I have posted before that the end of the Olympics would mark the beginning of significant falls, based on the assumption that this crash has behaved similarly to the last but on a doubly-long timescale (as you would expect, given the doubly-long boom that preceded it).

    Nevertheless, I was shocked to learn recently (in the Economist) that London’s population had only just stopped a long decline at the beginning of the last crash, whereas now it is growing faster than it has for ages. I used to get really annoyed with people saying demand would always outstrip supply in London, as they crashed so hard last time. I had not realised the capital went through a stage of being unpopular.

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  • Rather than collapsing it’s as if the market is rotting from the inside.

    Properties, especially properties at £500k + go on the market up here in Glasgow and then by and large sit there. A few sell, frequently at a significant discount as compared to 2007 prices, but still at wild levels if you compare say rents or 2001/2002 prices when values were rising but at least still somewhat attached to reality.

    A significant inventory of propery is building as a result and eventually, as I see it, only one or two things can happen.

    (1) Prices continue a downward descent that will take as long to fall as they took to rise with bargains to be negotiated before prices stop falling, or;

    (2) The government truly steps in to completely back stop the bubble and the currency gets hammered as a result.

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  • The housing market is drifting sideways, I am so pleased that I purchased in 2009, the only true window of opportunity, renting is a mugs game in this country as most landlords are amateurs and have no idea in long term investments. Trust me I have done it for five years and never again!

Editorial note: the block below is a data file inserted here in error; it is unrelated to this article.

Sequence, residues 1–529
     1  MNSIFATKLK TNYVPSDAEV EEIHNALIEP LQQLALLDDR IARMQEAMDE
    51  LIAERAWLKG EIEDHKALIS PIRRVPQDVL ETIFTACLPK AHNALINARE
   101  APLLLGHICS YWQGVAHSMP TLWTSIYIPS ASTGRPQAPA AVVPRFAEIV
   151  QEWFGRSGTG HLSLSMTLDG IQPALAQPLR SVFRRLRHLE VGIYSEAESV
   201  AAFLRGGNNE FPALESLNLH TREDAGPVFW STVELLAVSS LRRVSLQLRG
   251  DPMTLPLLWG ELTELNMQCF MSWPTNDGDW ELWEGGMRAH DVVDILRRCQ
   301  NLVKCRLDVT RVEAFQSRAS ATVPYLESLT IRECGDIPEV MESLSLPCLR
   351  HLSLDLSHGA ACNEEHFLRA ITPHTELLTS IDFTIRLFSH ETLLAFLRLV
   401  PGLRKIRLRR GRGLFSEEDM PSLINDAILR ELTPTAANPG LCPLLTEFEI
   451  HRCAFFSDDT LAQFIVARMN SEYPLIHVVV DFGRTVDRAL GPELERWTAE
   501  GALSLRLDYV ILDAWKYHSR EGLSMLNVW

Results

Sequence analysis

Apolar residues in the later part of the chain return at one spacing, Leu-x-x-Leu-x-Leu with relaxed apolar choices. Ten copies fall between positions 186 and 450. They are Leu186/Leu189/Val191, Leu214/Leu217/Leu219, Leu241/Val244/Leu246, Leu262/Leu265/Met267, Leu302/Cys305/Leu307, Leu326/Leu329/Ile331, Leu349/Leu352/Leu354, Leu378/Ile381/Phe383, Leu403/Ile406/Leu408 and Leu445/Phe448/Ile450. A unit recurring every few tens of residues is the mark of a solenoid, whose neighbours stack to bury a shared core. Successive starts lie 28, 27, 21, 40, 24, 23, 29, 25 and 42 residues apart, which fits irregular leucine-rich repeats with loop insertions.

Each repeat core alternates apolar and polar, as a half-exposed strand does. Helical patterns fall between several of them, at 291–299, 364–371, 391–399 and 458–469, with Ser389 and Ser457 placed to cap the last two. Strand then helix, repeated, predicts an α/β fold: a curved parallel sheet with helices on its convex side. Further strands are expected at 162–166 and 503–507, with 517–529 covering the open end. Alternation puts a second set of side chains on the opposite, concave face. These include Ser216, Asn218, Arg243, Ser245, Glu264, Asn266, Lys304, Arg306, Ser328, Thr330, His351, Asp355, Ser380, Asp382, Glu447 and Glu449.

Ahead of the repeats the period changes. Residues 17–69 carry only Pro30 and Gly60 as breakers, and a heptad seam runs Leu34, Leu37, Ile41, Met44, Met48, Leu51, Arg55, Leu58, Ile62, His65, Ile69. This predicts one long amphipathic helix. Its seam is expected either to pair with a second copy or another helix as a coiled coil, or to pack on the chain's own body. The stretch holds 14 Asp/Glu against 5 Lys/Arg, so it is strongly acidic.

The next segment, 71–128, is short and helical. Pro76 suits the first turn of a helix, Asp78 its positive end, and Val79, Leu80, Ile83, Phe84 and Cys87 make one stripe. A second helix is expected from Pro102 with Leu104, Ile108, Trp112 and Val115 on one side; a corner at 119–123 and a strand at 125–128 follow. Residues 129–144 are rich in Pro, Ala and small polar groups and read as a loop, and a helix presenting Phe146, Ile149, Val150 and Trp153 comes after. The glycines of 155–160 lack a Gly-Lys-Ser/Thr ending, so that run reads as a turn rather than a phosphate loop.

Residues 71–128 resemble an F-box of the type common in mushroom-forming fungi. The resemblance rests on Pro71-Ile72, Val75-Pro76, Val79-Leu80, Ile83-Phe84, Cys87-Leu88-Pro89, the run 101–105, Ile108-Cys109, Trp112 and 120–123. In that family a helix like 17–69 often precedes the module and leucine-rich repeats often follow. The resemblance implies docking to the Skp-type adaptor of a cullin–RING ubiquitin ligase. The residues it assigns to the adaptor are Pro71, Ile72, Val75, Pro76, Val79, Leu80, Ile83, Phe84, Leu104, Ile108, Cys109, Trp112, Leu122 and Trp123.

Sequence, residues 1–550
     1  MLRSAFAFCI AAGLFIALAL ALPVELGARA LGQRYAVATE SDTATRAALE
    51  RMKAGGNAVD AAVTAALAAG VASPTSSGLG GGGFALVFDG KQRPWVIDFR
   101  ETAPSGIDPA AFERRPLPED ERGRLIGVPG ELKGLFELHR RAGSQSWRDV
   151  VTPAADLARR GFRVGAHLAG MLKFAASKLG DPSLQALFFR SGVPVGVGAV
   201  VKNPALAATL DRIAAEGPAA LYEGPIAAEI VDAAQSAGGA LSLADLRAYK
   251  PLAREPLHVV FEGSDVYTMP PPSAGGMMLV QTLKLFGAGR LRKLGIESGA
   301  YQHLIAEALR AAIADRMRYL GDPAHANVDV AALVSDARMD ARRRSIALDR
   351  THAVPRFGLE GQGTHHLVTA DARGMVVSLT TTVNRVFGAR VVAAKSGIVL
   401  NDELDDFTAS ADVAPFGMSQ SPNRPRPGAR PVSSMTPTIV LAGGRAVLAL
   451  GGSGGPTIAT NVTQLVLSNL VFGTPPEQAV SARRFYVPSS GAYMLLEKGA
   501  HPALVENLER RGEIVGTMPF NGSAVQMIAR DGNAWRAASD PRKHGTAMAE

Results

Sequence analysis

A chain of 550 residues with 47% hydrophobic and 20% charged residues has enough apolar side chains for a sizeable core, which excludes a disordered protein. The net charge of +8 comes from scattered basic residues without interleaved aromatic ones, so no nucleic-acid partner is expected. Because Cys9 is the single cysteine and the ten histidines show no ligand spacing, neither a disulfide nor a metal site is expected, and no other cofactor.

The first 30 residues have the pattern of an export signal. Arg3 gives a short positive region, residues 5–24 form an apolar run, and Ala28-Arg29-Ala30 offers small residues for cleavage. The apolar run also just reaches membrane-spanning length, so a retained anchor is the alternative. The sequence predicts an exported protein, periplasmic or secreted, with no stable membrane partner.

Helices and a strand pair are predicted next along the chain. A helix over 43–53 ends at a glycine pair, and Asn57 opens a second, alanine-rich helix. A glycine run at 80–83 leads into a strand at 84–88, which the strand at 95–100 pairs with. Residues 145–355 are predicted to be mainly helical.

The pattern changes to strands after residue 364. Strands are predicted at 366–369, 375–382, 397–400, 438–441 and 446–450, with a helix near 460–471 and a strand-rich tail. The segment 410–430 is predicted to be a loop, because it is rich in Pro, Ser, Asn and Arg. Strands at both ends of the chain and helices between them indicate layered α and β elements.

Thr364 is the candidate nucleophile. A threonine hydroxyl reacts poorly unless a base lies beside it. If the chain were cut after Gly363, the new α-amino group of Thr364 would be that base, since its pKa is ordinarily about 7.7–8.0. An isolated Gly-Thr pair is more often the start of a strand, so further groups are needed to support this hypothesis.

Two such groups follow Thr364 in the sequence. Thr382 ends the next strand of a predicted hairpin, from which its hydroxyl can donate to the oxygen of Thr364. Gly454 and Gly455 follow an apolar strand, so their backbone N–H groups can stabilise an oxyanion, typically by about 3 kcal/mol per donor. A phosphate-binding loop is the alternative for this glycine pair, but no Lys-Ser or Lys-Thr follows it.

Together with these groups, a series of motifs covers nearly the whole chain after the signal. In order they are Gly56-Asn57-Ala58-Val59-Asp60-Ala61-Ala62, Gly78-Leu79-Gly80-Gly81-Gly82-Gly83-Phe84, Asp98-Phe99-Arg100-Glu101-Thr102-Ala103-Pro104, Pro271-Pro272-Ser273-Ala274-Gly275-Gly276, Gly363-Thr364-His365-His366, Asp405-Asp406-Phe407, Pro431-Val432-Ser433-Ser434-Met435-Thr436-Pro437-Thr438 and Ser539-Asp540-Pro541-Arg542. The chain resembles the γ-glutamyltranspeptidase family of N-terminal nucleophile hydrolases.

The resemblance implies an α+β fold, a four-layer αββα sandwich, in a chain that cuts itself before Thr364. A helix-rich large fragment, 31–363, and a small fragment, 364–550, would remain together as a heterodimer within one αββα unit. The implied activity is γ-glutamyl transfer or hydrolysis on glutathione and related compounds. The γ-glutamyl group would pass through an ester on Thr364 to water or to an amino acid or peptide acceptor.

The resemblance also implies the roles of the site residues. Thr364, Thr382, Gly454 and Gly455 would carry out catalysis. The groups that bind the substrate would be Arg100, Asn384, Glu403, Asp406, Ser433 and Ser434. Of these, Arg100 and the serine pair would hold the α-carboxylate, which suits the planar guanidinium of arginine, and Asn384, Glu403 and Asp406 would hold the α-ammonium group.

It would be Armageddon if we had the falls here like Ireland and the USA, no way will the government nor the BOE allow that to happen, the markets will be fudged for years to support house prices.
    There is pent up demand for housing, I know as I have two kids who are at the age where they should be in there own properties but can’t get loans, when the right formula is available for mortgages, there will be a massive up take, and like most HPC the next bubble will be even bigger than the last.

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  • Once London prices start dropping, it’s all going to start looking a lot rosier.

    Amen to that.

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  • 2,300+ views as I write this but relatively few comments, IMO, about one of the best ‘results’ in the housing markets for a while.

    I suppose there isn’t much to say – the numbers speak for themselves – but overall the blog overall seems dead today. From the contrarian perspective, we need sentiment for a HPC to collapse before it happens; that’s probably just wishful thinking by me but I can’t help wondering …